x Abu Dhabi, UAEWednesday 26 July 2017

Greek editor stands trial over Swiss accounts list

A prominent Greek journalist who published the names of more than 2,000 wealthy Greeks with Swiss bank accounts appeared in court yesterday to stand trial on charges of violating data privacy laws.

ATHENS // A prominent Greek journalist who published the names of more than 2,000 wealthy Greeks with Swiss bank accounts appeared in court yesterday to stand trial on charges of violating data privacy laws.

Costas Vaxevanis, editor of the Hot Doc weekly magazine, was arrested at the weekend for publishing the "Lagarde List" which French authorities gave to Athens in 2010 so that the account holders could be investigated for possible tax evasion.

The list, and the accompanying saga of how it was passed from one senior official to the next and misplaced at one point without anyone apparently taking action, has riveted Greeks who are angry at a political class seen as unwilling to crack down on the wealthy elite.

Vaxevanis's trial was adjourned soon after starting until Thursday. He could face up to two years in prison if convicted.

"I was doing my job in the name of the public interest," Vaxevanis told a crowd of supporters outside court. "Journalism is revealing the truth when everyone else is trying to hide it."

The list of 2,059 Greek account holders at HSBC in Switzerland features dozens of prominent business figures including a handful of shipping tycoons, companies and two politicians. It also includes a painter, an actress and many listed as architects, doctors, lawyers and housewives.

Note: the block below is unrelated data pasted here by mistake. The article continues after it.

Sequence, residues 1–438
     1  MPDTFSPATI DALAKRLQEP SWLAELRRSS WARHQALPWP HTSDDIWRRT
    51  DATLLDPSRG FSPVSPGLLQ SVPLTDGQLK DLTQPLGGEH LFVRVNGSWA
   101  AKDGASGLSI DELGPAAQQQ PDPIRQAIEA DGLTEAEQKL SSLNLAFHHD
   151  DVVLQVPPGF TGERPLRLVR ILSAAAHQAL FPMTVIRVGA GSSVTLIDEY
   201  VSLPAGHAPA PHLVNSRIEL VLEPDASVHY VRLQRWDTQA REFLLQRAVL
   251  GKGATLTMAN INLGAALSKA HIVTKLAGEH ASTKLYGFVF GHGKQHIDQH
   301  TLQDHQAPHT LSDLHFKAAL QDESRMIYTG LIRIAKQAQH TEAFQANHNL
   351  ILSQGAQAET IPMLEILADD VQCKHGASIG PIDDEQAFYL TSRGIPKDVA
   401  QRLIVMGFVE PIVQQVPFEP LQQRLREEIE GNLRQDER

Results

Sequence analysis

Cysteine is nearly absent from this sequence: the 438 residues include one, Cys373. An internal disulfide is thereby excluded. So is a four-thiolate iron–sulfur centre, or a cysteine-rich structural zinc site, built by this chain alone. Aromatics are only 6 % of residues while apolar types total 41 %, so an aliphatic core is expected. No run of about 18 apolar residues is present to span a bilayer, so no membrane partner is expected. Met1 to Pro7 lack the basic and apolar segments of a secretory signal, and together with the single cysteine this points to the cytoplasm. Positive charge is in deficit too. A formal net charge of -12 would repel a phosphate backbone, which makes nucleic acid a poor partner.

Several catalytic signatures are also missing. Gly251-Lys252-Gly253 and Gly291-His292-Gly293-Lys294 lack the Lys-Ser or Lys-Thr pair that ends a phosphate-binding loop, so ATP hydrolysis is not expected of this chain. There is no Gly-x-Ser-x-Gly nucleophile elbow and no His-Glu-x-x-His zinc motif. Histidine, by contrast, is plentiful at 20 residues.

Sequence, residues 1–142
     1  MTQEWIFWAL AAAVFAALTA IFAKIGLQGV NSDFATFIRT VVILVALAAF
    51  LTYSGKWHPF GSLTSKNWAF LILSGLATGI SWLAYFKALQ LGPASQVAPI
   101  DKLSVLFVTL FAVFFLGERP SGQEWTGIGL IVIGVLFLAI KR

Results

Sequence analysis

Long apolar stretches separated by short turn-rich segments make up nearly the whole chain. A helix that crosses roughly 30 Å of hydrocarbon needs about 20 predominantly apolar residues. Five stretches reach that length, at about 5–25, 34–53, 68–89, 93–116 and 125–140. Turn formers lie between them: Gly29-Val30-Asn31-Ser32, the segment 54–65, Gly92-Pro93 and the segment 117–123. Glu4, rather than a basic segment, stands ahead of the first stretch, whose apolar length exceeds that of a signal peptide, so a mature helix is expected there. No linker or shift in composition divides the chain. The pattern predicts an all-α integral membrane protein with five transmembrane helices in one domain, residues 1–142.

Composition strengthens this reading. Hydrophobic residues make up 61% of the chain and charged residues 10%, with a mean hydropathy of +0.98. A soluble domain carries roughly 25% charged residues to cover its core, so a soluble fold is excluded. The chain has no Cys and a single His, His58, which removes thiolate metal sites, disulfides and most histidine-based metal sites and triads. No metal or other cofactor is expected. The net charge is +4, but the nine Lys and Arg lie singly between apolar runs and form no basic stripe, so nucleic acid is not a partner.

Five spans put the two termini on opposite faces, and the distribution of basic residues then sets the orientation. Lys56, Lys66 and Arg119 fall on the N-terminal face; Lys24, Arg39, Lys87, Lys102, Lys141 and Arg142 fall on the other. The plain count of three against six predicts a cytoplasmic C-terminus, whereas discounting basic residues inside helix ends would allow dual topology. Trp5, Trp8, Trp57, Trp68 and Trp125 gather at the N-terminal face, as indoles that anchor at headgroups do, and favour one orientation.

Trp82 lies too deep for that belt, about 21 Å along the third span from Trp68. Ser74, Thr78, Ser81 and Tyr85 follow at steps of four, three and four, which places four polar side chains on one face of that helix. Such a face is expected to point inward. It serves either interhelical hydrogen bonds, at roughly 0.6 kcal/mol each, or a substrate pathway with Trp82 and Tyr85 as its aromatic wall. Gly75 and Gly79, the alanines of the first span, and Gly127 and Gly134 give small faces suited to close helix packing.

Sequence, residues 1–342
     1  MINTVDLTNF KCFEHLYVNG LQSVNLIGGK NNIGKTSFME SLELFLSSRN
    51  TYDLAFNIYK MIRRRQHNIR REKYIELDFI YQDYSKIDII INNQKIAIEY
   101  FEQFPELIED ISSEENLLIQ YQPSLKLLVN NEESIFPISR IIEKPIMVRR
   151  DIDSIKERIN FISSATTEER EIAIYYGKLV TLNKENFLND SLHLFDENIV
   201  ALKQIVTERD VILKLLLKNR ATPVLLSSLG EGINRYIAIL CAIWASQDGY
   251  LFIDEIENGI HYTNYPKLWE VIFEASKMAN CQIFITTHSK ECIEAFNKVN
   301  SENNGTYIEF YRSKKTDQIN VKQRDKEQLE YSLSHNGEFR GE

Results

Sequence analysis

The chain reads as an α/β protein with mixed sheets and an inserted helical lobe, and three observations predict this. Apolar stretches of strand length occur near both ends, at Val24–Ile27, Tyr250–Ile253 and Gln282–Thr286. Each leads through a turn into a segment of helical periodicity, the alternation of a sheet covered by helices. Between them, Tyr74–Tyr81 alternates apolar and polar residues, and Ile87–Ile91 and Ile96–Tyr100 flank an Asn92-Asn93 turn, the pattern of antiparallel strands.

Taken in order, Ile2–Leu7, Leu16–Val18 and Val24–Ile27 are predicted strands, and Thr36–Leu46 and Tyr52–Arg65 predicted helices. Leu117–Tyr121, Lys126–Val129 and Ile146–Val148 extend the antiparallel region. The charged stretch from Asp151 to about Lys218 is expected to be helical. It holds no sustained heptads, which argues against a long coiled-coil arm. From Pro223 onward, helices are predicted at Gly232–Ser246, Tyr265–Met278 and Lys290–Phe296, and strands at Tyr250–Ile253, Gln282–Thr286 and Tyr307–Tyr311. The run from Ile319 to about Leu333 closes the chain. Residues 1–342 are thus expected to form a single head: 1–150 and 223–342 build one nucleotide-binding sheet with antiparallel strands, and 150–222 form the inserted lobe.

The centre-left Ta Nea newspaper reprinted the list yesterday, devoting 10 pages to the accounts which were said to hold about €2 billion (Dh9.48bn) until 2007. However, the daily said it was not leaping to any conclusions about the list's "content nor the connotations it evokes in a large part of the public".

It did not say why it had decided to reprint the list and stressed there was no evidence linking anyone on the list to tax evasion.

"Ta Nea is publishing the list today. Will they be prosecuted?" Vaxevanis wrote on his Twitter account. "Today, it's not Hot Doc that's on trial but press freedom in Greece, and truth."

Vaxevanis criticised Greek media - which apart from Ta Nea have avoided any mention of those on the list - for failing to cover his magazine's revelations extensively.

The list has been named after Christine Lagarde, the head of the International Monetary Fund who was the French finance minister when it was handed over.

Hot Doc said the list was sent to it anonymously and authorities have not confirmed its authenticity.